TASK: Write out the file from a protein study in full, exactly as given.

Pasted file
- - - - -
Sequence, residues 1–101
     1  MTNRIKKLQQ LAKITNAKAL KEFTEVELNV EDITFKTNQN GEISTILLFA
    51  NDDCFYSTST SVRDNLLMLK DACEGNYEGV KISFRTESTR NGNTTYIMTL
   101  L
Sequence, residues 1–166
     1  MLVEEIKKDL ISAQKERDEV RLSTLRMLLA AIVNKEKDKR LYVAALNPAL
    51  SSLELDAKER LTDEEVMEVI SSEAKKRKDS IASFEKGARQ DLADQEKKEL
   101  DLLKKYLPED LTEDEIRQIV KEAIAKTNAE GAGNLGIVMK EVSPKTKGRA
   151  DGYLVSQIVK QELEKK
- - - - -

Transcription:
Sequence, residues 1–101
     1  MTNRIKKLQQ LAKITNAKAL KEFTEVELNV EDITFKTNQN GEISTILLFA
    51  NDDCFYSTST SVRDNLLMLK DACEGNYEGV KISFRTESTR NGNTTYIMTL
   101  L
Sequence, residues 1–166
     1  MLVEEIKKDL ISAQKERDEV RLSTLRMLLA AIVNKEKDKR LYVAALNPAL
    51  SSLELDAKER LTDEEVMEVI SSEAKKRKDS IASFEKGARQ DLADQEKKEL
   101  DLLKKYLPED LTEDEIRQIV KEAIAKTNAE GAGNLGIVMK EVSPKTKGRA
   151  DGYLVSQIVK QELEKK